2.           The Definition of Exclusive Dealing

 Exclusive dealing is defined very precisely in section 47 of the Act and, in an intellectual property licensing context, would cover:

·            the grant of sole or exclusive rights to a licensee (section 47(4)(b));

·            restrictions on sub-licensing (section 47(2)(b));

·            restrictions on a licensee acquiring goods or services from a competitor of the licensor or the resupply of those goods or services (section 47(2)(d)); or

·            obligations on a licensee to acquire goods or services from a third party (section 47(6)). 

As these types of restrictions fall within the definition of exclusive dealing in the Act, they would be unlawful only if the purpose, effect or likely effect was to substantially lessen competition in a market.  Furthermore, engaging in that conduct would be protected if made the subject of a notification to the ACCC under section 93 of the Act or an authorisation granted by the ACCC under section 88.

However, provisions which are commonly found in intellectual property arrangements which do not fall within the definition of exclusive dealing and which the Commission had previously considered as being either within the protection afforded by the intellectual property safe harbour or unlikely to be anti-competitive (albeit in its 1991 Guidelines) include:

(a)  territorial restrictions;

(b)  field of use restrictions;

(c)  price or quota restrictions in respect of products produced under a licence;

(d)  quality requirements; and

(e)  minimum production requirements.

The reason for this is that section 47 deals with the supply and acquisition of goods and services and, relevantly for present purposes, the resupply of the (presumably “those”) goods and services. Whilst the grant of a licence to produce goods under an intellectual property right would be the supply of a “service” for the purposes of the Act, restrictions on the supply by a licensee of the goods produced under the licence are not dealt with by section 47 and therefore do not fall within the definition of exclusive dealing and accordingly are not removed by virtue of that definition from the prohibition on engaging in Cartel Conduct. There are a myriad of such restrictions which are common in licences to manufacture or produce goods or provide services which, from a competition point of view, are unobjectionable; arguably even between competitors.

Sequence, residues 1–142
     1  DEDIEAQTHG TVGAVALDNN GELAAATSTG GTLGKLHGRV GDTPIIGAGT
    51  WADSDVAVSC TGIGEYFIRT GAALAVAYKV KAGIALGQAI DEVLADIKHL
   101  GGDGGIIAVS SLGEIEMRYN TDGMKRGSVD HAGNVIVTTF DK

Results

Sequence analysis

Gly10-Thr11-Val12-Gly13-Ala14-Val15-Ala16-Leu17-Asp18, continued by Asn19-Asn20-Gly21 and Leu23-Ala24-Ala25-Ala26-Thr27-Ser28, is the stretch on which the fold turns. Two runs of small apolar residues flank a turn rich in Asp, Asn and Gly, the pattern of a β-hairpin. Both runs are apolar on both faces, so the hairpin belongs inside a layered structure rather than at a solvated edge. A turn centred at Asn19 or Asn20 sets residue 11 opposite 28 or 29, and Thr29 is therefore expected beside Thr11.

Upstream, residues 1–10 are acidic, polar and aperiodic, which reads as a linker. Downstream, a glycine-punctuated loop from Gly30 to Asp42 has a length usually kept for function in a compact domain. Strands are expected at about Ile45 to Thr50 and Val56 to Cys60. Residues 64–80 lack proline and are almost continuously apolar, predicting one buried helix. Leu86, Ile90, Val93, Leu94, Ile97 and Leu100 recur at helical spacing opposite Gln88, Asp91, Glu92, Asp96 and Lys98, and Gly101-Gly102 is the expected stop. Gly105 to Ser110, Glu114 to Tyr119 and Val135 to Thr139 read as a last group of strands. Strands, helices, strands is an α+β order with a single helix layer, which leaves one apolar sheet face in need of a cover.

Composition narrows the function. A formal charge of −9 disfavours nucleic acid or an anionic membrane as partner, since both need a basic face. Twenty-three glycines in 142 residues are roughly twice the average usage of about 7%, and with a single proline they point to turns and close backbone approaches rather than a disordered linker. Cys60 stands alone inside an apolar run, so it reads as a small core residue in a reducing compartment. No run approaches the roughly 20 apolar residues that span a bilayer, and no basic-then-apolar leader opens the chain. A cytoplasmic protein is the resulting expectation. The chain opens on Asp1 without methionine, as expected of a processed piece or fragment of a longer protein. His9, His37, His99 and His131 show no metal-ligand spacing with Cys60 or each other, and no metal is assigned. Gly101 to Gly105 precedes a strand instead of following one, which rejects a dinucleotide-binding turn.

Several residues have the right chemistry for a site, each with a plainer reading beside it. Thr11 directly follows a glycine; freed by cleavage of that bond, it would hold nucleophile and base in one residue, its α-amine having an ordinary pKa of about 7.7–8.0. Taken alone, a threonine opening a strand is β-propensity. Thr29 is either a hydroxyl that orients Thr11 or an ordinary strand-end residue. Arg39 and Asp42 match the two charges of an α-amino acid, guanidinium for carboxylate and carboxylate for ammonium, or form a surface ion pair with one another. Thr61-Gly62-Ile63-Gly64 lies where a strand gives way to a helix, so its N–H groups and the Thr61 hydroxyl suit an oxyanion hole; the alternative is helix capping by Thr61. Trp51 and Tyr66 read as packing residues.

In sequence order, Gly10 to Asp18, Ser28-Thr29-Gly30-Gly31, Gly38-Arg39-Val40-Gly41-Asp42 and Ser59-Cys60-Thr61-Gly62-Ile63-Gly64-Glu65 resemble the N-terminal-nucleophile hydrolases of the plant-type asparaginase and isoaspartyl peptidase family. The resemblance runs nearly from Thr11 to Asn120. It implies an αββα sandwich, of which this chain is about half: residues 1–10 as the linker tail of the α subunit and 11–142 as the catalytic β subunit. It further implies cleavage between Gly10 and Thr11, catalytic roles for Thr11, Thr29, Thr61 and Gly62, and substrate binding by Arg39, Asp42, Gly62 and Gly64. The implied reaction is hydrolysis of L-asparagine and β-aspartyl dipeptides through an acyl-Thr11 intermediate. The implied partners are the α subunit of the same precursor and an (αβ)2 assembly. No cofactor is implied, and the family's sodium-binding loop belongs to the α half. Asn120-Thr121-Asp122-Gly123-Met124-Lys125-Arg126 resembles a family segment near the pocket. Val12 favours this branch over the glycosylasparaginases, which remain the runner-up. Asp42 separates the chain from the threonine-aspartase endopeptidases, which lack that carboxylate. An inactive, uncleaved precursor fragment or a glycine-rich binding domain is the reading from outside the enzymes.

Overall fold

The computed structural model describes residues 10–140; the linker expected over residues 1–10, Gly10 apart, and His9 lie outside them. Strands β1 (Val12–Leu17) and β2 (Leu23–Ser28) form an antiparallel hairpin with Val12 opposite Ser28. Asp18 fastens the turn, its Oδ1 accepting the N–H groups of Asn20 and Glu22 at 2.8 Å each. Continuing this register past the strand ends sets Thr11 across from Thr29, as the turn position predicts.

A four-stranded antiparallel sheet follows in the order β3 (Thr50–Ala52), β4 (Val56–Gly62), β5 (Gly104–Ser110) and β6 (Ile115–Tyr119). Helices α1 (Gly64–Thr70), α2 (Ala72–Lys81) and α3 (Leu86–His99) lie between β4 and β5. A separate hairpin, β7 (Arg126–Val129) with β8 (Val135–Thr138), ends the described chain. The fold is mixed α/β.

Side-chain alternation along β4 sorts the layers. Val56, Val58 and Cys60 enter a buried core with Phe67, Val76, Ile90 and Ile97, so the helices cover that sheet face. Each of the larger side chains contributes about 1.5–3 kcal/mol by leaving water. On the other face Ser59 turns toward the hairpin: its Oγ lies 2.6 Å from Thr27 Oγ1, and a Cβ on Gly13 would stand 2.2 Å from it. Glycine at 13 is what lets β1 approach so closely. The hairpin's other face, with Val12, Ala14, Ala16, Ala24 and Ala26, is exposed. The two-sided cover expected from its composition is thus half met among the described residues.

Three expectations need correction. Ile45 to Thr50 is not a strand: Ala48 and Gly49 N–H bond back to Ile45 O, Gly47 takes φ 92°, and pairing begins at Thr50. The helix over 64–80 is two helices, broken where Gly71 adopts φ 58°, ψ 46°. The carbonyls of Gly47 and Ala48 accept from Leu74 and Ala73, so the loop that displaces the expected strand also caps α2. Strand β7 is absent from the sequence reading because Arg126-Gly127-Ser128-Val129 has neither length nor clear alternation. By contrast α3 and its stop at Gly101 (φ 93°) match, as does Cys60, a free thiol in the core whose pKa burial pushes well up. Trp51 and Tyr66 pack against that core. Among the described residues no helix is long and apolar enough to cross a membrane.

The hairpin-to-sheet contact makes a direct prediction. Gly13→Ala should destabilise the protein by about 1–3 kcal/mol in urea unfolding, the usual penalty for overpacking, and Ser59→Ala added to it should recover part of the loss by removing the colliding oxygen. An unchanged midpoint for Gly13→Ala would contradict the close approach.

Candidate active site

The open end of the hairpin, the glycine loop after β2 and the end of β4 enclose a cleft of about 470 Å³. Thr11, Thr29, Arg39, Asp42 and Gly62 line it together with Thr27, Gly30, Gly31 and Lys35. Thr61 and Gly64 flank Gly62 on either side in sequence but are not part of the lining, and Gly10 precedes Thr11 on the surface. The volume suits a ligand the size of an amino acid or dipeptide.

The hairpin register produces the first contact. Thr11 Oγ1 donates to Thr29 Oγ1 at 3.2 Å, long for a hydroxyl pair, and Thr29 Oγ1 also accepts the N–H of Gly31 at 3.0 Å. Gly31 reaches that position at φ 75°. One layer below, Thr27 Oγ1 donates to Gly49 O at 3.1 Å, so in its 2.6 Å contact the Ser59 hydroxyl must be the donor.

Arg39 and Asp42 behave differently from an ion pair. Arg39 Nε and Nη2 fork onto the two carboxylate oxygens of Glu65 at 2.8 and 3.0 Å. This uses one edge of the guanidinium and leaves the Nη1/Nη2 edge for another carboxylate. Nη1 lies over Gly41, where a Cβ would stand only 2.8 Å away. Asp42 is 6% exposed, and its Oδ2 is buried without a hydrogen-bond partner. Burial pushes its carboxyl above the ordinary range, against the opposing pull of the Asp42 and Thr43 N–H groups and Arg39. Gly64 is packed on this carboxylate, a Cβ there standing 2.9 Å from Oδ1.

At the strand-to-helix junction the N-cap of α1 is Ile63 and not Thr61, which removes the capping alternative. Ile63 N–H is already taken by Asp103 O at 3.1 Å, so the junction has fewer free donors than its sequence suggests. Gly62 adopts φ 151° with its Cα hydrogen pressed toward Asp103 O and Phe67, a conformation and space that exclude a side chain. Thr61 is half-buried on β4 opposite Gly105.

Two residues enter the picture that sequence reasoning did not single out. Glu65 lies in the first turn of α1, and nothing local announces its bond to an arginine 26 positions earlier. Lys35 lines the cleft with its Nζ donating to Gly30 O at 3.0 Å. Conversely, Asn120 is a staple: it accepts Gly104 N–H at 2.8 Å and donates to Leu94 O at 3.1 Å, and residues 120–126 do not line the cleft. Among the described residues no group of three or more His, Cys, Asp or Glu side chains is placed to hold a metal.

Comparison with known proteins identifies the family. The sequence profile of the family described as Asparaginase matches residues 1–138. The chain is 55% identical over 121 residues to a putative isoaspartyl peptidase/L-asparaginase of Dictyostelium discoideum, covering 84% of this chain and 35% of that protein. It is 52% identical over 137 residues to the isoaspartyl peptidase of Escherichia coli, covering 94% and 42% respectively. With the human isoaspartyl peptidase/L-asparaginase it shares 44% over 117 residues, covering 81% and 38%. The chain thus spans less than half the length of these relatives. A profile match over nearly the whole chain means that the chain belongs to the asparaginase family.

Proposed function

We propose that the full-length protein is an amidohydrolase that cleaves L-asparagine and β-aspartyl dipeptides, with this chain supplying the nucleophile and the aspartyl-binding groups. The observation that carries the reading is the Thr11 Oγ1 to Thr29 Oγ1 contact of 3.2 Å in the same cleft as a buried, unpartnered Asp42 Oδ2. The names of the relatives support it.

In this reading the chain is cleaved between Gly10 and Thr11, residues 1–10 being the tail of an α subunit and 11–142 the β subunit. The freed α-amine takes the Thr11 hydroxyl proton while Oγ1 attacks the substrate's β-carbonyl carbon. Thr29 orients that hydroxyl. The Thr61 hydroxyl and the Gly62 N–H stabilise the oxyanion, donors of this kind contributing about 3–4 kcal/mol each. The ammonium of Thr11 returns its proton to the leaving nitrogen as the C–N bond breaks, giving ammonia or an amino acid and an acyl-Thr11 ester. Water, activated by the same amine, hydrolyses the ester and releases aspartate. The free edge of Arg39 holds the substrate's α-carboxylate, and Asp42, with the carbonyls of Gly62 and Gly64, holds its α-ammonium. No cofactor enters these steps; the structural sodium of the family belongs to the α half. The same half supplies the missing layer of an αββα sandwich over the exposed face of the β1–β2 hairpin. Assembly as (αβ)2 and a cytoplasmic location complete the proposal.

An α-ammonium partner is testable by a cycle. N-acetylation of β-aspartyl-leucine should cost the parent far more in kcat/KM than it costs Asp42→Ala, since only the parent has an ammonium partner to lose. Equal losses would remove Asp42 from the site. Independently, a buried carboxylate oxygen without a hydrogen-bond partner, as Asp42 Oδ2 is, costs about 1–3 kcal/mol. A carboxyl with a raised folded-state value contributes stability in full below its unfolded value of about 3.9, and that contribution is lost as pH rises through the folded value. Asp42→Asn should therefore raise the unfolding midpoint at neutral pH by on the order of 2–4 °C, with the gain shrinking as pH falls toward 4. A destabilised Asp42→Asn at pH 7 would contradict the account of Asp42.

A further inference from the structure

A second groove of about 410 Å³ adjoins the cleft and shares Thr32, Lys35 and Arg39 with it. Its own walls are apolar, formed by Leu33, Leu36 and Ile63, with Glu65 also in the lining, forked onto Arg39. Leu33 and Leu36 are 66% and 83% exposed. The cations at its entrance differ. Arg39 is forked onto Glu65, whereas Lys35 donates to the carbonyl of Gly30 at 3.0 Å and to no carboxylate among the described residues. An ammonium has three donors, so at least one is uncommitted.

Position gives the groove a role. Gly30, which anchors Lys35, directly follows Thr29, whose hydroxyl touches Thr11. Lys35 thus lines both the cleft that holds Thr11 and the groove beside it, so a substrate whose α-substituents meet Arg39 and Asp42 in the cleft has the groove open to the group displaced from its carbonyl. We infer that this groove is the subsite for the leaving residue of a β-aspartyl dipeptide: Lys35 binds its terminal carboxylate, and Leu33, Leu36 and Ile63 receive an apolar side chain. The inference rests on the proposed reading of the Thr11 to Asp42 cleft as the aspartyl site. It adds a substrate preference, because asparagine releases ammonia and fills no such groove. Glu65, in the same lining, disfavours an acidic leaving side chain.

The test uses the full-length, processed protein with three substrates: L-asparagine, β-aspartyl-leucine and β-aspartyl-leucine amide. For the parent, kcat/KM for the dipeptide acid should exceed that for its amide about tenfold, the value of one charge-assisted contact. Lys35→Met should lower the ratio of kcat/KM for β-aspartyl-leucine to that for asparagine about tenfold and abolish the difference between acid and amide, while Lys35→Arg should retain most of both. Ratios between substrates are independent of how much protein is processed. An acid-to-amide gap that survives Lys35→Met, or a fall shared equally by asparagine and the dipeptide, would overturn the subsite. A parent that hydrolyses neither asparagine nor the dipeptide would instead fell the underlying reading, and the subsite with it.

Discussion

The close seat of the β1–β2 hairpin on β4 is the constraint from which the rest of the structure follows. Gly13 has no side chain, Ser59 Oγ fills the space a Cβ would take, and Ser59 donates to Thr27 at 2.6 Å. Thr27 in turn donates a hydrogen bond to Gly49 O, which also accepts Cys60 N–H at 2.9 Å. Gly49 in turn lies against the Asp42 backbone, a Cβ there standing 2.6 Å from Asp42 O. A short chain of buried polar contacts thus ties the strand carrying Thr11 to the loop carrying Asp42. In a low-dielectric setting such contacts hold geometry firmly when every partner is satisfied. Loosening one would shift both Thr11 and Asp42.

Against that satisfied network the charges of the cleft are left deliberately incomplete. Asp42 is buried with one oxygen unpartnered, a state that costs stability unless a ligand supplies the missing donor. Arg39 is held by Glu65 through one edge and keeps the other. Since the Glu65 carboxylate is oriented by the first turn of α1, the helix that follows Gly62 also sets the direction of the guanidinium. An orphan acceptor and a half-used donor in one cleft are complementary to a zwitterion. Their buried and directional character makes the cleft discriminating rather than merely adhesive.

Thus, where provisions of the type discussed above are contained in assignments or licences of intellectual property rights between competitors or persons deemed to be competitors, they will arguably fall within the description of Cartel Conduct. 

Whilst any arrangement between competitors containing these types of provisions will be problematic, one area in which there is likely to be great impact is the area of franchising.  For instance, it is not uncommon for franchisors to have franchisor owned outlets which compete (or would, but for a territorial restriction, compete) with its franchisees in supplying goods or services.  Thus it is likely that a franchisor in that position will be regarded as being in competition with its franchisees. It would follow that, in those franchise systems for instance, a limitation on the resupply by franchisees of goods which do not meet a certain standard or specification would constitute Cartel Conduct. 

In licence agreements, it is not unusual for a licensor to limit the supply of goods produced under the licence to those which meet certain specifications, or bear a particular trade mark or to limit sale to a particular territory or to a particular class of customer.  Again, where the licence agreement is between competitors or companies deemed to be competitors, it is arguable that such provisions will amount to Cartel Conduct.  In other situations, such restrictions are generally regarded as being not anti-competitive or even pro-competitive. 

In similar vein, where there is an intellectual property dispute between competitors which is resolved by, for example, an agreement of one:

(i)           not to engage in infringing conduct by supplying goods or services; or

(ii)          to sell off infringing stock under certain conditions,

those provisions would also arguably constitute Cartel Conduct. 

Where provisions do not fall within the definition of Cartel Conduct because the arrangement does not involve competitors or persons deemed to be competitors, they will be judged in accordance with the competition test whether they fall within the definition of exclusive dealing in section 47 or not.

This leads into the proposition put by the Government that under the proposed amendment individuals and businesses will have time to review the existing arrangements and, if necessary, apply to the ACCC for authorisation. 

 3.          The Authorisation Test

The Act allows the ACCC to grant authorisation in certain circumstances.  However, there are two issues which arise and create concern.